An ironic enterprise-software-related press release ran on BusinessWire the morning of May 5 speaking to both the current state of the software market and the PR industry. I include most of the release below because it is probably not available on any Web site I can link to for reasons that will become obvious:
"CHICAGO--(BUSINESS WIRE) -- Technology Solutions Company (NASDAQ: TSCC), a software and services company focused on the healthcare provider market, today announced that on May 1, 2009 the Company filed a Certificate of Dissolution with the Secretary of State of the State of Delaware and closed its stock transfer books, effective as of the close of business on May 1, 2009, each in accordance with the previously announced Plan of Complete Liquidation and Dissolution of the Company (the "Plan") that was approved at a special meeting of the Company's stockholders on April 27, 2009.https://o1.qnsr.com/log/p.gif?;n=203;c=204663295;s=11915;x=7936;f=201904081034270;u=j;z=TIMESTAMP;a=20410779;e=i
"The Company further announced today that it filed with the Securities and Exchange Commission (the "SEC") a Form 25 relating to the delisting of its Common Stock from The NASDAQ Global Market ("NASDAQ")
"Technology Solutions Company (TSC) is a software and services firm providing business solutions that partner with clients to expose and leverage opportunities that create, deliver, visualize and sustain customer value. Our outside-in, fact-based approach quantifies value through the eyes of our client's customers, unleashing the potential for profit and growth. TSC serves the healthcare industry through tailored business solutions."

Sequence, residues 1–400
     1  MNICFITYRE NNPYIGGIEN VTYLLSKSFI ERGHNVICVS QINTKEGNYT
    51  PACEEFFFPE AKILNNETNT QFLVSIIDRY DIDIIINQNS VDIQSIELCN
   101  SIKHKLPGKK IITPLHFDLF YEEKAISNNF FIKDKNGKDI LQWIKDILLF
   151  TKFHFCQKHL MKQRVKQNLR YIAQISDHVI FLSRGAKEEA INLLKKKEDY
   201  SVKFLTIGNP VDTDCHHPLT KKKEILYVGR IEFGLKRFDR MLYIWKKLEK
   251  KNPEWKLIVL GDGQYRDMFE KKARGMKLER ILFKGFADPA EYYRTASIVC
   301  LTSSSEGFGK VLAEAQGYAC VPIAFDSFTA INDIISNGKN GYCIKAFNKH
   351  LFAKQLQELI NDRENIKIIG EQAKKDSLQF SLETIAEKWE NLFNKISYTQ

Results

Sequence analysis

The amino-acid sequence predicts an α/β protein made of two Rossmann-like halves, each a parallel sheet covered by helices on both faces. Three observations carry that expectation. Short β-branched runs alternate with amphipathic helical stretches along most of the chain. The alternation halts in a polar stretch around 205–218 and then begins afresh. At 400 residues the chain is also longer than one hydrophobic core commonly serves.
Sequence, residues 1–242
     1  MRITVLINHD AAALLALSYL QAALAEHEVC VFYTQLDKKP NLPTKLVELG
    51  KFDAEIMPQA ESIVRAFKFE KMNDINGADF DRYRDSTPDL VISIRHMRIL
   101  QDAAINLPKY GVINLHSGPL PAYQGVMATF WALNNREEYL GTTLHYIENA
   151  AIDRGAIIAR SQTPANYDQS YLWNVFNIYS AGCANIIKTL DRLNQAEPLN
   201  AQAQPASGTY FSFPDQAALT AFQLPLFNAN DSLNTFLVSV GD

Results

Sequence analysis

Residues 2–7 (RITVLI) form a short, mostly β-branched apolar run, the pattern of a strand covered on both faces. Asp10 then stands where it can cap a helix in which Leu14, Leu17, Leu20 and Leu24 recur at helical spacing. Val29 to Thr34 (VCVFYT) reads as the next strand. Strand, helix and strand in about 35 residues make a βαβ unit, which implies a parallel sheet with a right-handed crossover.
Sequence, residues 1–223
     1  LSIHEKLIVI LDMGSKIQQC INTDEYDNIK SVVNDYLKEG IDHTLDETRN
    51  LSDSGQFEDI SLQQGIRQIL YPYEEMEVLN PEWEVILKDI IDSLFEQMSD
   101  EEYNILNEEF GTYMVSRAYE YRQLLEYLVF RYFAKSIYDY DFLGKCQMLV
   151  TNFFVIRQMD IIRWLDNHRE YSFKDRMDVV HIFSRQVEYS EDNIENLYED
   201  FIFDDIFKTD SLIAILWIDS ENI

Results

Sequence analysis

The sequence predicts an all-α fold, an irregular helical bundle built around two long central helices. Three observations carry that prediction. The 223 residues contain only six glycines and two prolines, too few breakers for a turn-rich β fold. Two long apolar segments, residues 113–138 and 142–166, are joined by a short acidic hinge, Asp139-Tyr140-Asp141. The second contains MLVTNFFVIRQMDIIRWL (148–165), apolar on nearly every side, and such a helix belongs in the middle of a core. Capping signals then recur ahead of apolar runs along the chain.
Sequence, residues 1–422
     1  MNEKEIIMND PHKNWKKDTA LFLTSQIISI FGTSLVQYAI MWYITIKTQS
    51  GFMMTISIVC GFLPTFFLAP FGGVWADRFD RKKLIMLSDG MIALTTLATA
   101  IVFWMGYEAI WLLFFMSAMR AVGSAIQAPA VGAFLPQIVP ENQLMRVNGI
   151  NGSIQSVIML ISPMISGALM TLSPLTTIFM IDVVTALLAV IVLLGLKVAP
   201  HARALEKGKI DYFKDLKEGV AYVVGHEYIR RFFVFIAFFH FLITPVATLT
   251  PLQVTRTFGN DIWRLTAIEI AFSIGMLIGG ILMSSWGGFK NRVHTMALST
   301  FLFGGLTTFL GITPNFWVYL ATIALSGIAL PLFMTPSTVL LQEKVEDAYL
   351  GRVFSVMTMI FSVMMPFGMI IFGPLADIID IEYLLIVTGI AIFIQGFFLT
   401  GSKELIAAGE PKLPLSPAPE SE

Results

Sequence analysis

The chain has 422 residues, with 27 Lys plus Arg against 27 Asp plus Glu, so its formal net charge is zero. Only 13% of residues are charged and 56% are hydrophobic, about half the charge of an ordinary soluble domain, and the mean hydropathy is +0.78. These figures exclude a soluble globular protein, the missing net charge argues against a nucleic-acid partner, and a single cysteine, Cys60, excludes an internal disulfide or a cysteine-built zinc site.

Huh? In the first two paragraphs the company announced it is going out of business and in the third boilerplate section it tells you how great it is. Cookie cutter PR at its greatest!
But it is the rest of the story that is more revealing. TSC formed in the late 1980s as a consultant company. I first followed it as it rode the wave of business process re-engineering in the early 1990s. It was there when we started talking about application service provision (which you know better as SaaS) in the mid 1990s. It tied its star to i2 and Manugistics in the late 1990s burst of enthusiasm for supply chain automation. In the midst of the turn of the century dot.com boom, TSC launched and then spun off eLoyalty.
Its SEC filings from that era kind of say it best. TSC described its sales stragegy as utilizing "a higher-end relationship-selling model in most of its business." In other words, it went around you guys in IT.
Throughout most of its 20 years, TSC partnered with both Oracle and SAP in ERP. It sold off that business a few years ago and tried to reinvent itself as a software provider to the healthcare industry. Like Willie Sutton supposedly said, go "where the money is." Whether there are in fact big paydays coming for enterprise software companies in healthcare - and U.S.-government-sponsored and controlled healthcare in particular - is debatable. But if there is, it will be too late for TSC, coming up one buzzword short in the enterprise software merry-go-round.